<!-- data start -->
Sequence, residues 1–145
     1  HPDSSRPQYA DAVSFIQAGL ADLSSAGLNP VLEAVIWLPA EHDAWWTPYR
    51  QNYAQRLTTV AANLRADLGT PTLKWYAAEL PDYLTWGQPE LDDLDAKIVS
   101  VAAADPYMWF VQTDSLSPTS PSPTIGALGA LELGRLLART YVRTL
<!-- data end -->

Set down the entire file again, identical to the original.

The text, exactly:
Sequence, residues 1–145
     1  HPDSSRPQYA DAVSFIQAGL ADLSSAGLNP VLEAVIWLPA EHDAWWTPYR
    51  QNYAQRLTTV AANLRADLGT PTLKWYAAEL PDYLTWGQPE LDDLDAKIVS
   101  VAAADPYMWF VQTDSLSPTS PSPTIGALGA LELGRLLART YVRTL